There’s this huge looming specter over so many people I’ve met. It’s name is What-Other-People-Think.

“Oh, I love it, but I could never wear that hat.”
“I wish I could say that to him.”
“I’d look stupid.”
“Well, YOU can pull it off, but I couldn’t.”

Here’s the dark secret: Other people don’t care. They’re too wrapped up in themselves, their own worries, potentially looking foolish. And if they DO say something, why should YOU give a damn? It’s so much easier to be a critic than a creator. There are six billion people on the planet, and they’re breeding at an outlandish pace – go talk to one of them.

This is YOUR life. In the off chance there’s no reincarnation, live NOW. What the hell are you waiting for? If you always wanted to learn Italian – TAKE A CLASS. If you love those shoes because they make you feel like Marilyn Monroe, WEAR THEM. If you think of something nice to say to that stranger just because, SAY IT.

Really, what’s the worst that will happen? You’ll fall off a cliff? You’ll break out in hives? You’ll die of shame? Some person you’ve never met & don’t care about won’t like you anymore?

How many more years will you sit there, wishing you’d gotten up & danced?

On public spaces & photography…

(originally published June 23, 2007)

I attended a voodoo hurricane protection ceremony this evening.

Having never witnessed this religion in action, and being a firm believer in people coming together to effect positive change, I donned all white for the day, constructed an offering for Madame Laveau, cut out of the Square early, and Jay, Shara (my new, lovely, short-term tenant) and I headed over to Bayou St. John to add our well wishes.

It was lovely to see the crowd gather at dusk at the center of the bridge, resplendent in white, each cradling their offerings: liquor, hair ribbons, gourds, candles, jeweled clips, cakes, even a watermelon. The hypnotic drumming, Marie’s veve carefully drawn in yellow powder on the slats of the bridge, the call & response singing in french, the ritualistic dance. I dropped my shoulders, loosened my hips, watched with enthusiasm & respect, for while the religion is not my own, I appreciate honest, beautiful worship with my whole heart.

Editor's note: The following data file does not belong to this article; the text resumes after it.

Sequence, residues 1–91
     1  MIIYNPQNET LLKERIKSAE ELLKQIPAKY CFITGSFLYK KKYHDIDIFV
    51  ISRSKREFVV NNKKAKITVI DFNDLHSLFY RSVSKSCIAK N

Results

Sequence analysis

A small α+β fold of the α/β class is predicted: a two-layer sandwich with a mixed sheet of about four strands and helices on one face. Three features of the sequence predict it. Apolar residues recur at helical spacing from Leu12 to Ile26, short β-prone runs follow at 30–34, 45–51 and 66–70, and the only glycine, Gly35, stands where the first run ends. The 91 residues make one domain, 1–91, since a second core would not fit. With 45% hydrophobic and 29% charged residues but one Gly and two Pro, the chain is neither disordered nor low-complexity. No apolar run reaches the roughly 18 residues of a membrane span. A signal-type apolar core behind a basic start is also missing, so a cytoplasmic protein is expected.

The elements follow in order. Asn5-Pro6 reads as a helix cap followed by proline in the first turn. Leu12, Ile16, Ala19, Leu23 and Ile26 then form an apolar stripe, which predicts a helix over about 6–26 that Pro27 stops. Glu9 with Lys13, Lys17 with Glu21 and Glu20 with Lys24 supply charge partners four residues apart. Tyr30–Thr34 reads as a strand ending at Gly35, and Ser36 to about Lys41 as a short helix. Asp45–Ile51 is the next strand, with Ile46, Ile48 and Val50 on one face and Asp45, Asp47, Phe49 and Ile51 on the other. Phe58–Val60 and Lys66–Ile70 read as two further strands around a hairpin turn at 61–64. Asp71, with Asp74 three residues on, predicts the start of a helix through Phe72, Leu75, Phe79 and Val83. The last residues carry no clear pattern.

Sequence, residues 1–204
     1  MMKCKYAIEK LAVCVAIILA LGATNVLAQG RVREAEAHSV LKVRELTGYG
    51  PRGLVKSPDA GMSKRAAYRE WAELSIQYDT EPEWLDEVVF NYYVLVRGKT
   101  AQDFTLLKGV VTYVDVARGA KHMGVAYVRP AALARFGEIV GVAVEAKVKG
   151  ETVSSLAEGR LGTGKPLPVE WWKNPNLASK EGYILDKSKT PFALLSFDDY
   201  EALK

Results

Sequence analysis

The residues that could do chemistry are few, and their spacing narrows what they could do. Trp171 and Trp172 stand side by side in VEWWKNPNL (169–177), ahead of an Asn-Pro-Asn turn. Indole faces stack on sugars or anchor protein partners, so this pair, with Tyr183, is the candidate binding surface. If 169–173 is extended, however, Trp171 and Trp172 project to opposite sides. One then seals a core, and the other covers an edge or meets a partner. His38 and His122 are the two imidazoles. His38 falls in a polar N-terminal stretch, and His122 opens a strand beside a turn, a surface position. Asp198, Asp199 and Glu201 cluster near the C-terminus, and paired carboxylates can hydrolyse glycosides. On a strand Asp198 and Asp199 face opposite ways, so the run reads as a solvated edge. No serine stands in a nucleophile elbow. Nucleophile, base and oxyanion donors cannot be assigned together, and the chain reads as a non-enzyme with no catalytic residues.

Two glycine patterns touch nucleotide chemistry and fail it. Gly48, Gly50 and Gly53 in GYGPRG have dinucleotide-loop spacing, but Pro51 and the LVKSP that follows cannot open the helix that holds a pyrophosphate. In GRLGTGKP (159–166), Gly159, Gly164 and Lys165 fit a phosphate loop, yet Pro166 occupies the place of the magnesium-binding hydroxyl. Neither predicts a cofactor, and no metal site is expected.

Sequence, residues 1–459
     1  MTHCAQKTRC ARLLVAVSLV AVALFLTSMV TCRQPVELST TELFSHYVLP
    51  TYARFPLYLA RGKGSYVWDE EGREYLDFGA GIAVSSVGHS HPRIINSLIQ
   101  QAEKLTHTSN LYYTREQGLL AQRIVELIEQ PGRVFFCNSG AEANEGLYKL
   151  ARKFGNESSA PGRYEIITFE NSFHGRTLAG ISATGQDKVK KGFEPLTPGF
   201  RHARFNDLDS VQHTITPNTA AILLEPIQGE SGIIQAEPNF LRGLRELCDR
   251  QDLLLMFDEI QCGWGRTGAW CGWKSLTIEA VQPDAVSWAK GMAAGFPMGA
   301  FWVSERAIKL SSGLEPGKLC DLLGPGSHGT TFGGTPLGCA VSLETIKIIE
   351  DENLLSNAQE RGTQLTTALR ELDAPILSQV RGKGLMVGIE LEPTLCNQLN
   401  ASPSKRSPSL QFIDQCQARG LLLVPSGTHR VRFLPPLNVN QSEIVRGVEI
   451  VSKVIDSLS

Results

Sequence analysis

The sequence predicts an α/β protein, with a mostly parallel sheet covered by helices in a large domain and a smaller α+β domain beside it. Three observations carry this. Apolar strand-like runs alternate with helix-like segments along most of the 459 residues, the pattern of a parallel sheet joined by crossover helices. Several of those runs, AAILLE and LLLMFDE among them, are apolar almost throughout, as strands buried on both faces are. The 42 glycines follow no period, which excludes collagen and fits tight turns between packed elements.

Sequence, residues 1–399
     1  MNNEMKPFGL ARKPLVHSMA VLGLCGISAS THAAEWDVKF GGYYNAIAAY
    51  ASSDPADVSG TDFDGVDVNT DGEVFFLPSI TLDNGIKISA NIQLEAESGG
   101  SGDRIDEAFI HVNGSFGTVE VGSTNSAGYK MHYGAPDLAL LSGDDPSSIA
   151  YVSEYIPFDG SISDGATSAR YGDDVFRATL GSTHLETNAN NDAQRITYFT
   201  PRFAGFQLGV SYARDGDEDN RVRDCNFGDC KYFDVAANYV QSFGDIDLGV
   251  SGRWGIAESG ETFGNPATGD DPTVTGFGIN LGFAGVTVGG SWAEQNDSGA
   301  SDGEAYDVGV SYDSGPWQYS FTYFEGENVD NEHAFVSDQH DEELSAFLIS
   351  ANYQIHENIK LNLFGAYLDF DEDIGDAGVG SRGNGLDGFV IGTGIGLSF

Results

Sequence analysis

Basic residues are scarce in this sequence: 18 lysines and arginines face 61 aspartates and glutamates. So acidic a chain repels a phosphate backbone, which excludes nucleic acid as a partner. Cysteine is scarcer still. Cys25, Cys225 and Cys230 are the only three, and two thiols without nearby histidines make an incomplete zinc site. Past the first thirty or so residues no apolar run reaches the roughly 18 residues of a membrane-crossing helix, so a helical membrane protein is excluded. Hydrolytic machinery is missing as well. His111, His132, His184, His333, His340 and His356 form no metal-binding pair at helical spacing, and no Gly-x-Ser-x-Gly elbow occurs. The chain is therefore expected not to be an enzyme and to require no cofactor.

Until, all the wanna-be documentarians, with their cameras and their flashes & their camcorders and their cel-phones began flashing away, despite the priestess’ request at the beginning of the ritual that they not. One bastard with a shoulder cam the size of my torso pushed me our of his way and actually leaned in between the drummers, impeding them so HE could get a better shot of the alter.

These dipshits seemed to think that a recording device gives them carte blanche, and I was disgusted. Imagine me coming into a church or a synagogue during a memorial service, running around behind the rabbi with my camera, pushing my mike into his face, or darting around the congregation to zoom in on the poignant expression of a bereft husband.

Yeah. Disgusted doesn’t begin to cover it.

SO disgusted that I left early, because I could feel my energy becoming increasingly negative, and I did NOT want to add that flavor to the ritual. I wanted to stay throughout, thank the folks who put it together, relay a message for an acquaintance to the priestess.

I used to think that the 3rd world folks who dislike having their pictures taken were foolish, backwards. I have seen the error of my ways, and apologize silently in the face of their wisdom. My life has been inundated with fucktards with cameras. In the Square, I have been forced to put up a sign: “Taking pictures of artwork is the same as stealing it.” Yes – I have had cameras aimed right at my paintings, and when I’ve asked them to stop have been attacked with “It’s a public place!”